Richmond, VA – Two Richmond police detectives are facing multiple charges in connection with their actions against Black Lives Matter activists during the George Floyd riots in May.
All of the charges stem from an incident that occurred at about 3:45 a.m. on May 31 in the 200-block of North Belvidere Street, the Richmond Times-Dispatch reported.
That was the second night of violent riots accompanied by looting and burning in Richmond in protest of Floyd’s death.
The 46-year-old Floyd died while he was being arrested by the Minneapolis police on May 25 and his death sparked riots nationwide led by Black Lives Matter activists.
Richmond Police Detectives Mark Janowski and Christopher Brown were initially indicted in October for their role in the May incident, the Richmond Times-Dispatch reported.
Richmond Commonwealth’s Attorney Colette McEachin presented 18 charges for the grand jury to consider against eight Richmond police officers, the Associated Press reported.
The grand jury ended up indicting only Det. Janowski and Det. Brown on one count each of misdemeanor assault and battery.
The other six officers who were under investigation have been returned to regular duty, the Associated Press reported.
Peter Baruch, the lawyer for Det. Janowski, said the officers had faced “unimaginable” challenges during the violent riots when “many officers” were injured.
“They were faced with circumstances that were unprecedented,” Baruch said. “The city was literally on fire in many places.”
On Monday, McEachin announced that both of the detectives had been indicted again, the Richmond Times-Dispatch reported.
The grand jury handed down two additional counts each of misdemeanor assault and battery against Det. Janowski and Det. Brown on Dec. 7.
The Commonwealth Attorney’s Office has not released any details about the incident that led to the charges, the Richmond Times-Dispatch reported.
Both detectives have been placed on desk duty until the criminal charges are resolved.
Det. Janowski, 34, joined the Richmond Police Department in 2014, the Associated Press reported.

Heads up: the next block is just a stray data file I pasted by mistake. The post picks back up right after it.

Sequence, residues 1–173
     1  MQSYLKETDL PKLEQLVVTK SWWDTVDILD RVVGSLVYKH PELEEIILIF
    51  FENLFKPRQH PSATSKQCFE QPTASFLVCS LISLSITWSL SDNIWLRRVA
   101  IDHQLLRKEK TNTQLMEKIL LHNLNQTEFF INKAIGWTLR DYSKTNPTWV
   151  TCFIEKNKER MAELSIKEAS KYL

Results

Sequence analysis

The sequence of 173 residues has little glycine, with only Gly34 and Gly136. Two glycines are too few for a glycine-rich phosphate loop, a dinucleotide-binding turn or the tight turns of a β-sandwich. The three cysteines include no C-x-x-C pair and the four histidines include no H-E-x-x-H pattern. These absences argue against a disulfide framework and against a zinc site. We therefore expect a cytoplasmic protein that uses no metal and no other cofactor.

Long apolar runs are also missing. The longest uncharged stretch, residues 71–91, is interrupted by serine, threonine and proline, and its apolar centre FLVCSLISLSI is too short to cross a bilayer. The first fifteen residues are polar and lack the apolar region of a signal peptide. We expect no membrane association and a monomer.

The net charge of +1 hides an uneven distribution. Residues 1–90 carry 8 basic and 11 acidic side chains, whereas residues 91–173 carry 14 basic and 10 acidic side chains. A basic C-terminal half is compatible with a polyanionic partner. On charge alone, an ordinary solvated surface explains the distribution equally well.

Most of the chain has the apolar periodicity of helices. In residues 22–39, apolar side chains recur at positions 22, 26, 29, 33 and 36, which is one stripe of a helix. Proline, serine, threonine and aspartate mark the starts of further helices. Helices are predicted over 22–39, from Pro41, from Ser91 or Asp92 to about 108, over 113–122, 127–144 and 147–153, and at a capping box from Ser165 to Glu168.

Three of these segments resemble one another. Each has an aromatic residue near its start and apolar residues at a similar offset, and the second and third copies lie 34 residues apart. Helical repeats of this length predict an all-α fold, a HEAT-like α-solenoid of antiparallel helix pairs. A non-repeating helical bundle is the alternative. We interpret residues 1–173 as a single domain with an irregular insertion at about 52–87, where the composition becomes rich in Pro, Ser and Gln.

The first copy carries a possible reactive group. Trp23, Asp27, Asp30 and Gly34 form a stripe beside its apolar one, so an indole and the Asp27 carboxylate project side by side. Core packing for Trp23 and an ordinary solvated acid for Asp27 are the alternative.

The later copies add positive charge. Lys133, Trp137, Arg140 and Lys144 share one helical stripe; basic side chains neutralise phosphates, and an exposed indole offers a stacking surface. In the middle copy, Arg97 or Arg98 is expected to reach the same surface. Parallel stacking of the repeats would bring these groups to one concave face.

Det. Brown, 28, has been a member of the police force since 2015.
Richmond Police Chief Gerald Smith has refused to comment on the ongoing cases.
There has been a lot of criticism about the Richmond Police Department’s handling of the riots in the city, the Associated Press reported.
The Commonwealth Attorney’s Office reviewed five civil rights complaints in July and cleared the Richmond police officers of wrongdoing.
Included in those investigations were allegations that an officer had deliberately driven a police vehicle through a crowd of protesters on June 13, the Associated Press reported.
The findings of that investigation were detailed in a report released by McEachin’s office, The Washington Post reported.
“Contrary to many news reports or social media posts, there is no objective evidence that the SUV was deliberately driven through an unsuspecting group of protesters,” the report read. “Any contact that occurred between any person and the SUV was due to that person’s individual decision to make contact with the vehicle.”
Richmond Mayor Levar Stoney had called for that investigation but later said he hadn’t seen the police doing anything wrong in the videos, The Washington Post reported.
The commonwealth’s attorney also dismissed a claim that an officer had spit on protesters and another complaint that one officer had a white supremacist tattoo and another had worn blackface in a picture.
The prosecutor’s investigation determined that the tattoo was the logo of a firearms training company and the photo had been “had been altered to appear as though the officer was in ‘blackface,’” The Washington Post reported.